Following his triumph at the French Open, Serbian Novak Djokovic scribbled a political statement regarding Kosovo on a camera lens.
After he started his quest for a record-breaking 23rd men’s Grand Slam singles championship, Djokovic defeated Aleksandar Kovacevic with scores of 6-3, 6-2, and 7-6 (7-1).
“Kosovo is the heart of Serbia, the violence must stop,” Djokovic wrote after defeating the American. The declaration referred to the current unrest in Kosovo, which separated from Serbia in 2008.
Since ethnic Albanian mayors were installed in the country’s north, there have been riots and protests, with police and NATO forces squaring off against Serb protestors. Serbia has never recognised Kosovo’s independence.
Djokovic, whose father was born in Kosovo, stated to journalists in Serbia: “I am not a politician, and I do not wish to engage in political arguments.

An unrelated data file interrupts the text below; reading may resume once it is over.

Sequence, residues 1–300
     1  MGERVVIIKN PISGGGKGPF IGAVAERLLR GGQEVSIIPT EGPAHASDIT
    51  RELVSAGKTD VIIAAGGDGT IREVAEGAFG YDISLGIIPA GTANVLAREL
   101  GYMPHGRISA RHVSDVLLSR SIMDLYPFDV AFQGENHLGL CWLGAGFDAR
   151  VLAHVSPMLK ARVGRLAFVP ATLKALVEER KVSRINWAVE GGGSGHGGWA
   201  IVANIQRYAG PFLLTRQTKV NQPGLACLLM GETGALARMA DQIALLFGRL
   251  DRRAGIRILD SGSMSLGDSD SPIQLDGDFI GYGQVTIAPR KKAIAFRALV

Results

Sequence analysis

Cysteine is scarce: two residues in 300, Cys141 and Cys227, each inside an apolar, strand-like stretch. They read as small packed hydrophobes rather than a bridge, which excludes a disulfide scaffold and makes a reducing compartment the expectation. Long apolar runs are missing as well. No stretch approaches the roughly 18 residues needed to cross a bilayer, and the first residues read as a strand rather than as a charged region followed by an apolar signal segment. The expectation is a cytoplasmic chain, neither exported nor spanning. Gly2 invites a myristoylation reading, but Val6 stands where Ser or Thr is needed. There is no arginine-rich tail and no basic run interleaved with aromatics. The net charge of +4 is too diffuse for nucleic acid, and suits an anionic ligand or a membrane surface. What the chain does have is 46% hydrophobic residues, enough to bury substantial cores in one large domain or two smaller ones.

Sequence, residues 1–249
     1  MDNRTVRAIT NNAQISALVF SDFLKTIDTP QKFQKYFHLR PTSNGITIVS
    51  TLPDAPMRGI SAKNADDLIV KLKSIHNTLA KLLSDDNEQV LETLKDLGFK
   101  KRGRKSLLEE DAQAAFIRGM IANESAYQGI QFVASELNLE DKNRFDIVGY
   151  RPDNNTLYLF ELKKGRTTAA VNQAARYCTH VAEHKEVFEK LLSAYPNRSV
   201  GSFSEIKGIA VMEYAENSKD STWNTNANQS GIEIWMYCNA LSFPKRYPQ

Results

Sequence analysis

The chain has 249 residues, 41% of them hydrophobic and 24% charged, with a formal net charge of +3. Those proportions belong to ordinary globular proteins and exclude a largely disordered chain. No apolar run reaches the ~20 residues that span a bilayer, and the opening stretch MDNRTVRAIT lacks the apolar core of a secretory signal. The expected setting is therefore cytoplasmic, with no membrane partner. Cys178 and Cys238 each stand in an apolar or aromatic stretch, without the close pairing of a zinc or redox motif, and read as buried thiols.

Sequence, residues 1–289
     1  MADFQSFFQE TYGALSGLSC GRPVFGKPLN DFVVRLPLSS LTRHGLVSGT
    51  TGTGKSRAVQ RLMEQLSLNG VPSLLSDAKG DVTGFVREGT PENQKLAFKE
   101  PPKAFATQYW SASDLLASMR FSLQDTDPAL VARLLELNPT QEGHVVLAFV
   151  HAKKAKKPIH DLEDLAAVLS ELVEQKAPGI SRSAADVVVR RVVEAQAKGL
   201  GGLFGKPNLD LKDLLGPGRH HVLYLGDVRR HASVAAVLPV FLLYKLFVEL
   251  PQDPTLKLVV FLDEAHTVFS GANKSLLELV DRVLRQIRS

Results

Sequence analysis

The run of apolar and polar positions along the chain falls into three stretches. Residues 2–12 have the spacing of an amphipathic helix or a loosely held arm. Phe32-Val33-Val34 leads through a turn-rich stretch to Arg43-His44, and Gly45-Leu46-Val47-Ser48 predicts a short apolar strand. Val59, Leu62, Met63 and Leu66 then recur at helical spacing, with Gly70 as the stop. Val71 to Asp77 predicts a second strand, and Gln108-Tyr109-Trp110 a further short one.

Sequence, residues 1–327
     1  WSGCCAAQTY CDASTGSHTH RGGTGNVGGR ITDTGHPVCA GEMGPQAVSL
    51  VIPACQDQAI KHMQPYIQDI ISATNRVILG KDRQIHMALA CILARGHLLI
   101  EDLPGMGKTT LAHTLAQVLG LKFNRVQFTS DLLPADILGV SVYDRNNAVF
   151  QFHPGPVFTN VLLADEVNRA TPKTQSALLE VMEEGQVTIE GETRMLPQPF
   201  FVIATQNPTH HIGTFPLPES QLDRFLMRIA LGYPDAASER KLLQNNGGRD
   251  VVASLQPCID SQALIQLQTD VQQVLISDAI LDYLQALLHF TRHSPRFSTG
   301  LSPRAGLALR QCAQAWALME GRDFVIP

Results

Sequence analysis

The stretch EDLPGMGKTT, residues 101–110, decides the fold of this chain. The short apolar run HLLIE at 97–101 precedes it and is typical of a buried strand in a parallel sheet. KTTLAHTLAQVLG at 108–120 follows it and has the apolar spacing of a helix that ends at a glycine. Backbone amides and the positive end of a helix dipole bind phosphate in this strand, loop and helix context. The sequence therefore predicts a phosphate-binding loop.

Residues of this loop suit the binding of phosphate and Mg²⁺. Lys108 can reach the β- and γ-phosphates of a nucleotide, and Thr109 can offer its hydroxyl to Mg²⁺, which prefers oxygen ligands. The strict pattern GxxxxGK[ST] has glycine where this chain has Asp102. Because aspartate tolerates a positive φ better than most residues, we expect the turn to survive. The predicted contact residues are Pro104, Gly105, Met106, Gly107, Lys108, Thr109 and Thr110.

I am upset by what is occurring in Kosovo as a Serb. The municipalities have barred our people from living there. The least I could do is this. I feel obligated to assist our people and all of Serbia as a public persona.”
“I’m not sure if I’ll receive hate or whatever, but I’d do it again. I oppose all violence. Kosovo is in our hearts, the location of the most significant events and the site of the largest conflict in Serbian history.”
There are no explicit guidelines on what players may and cannot say at Grand Slams, according to the French Tennis Federation, which organised the Roland Garros competition.
At the Australian Open in January, Djokovic became involved in a political controversy after discovering that his father, Srdjan, had been caught on camera taking selfies with Vladimir Putin fans.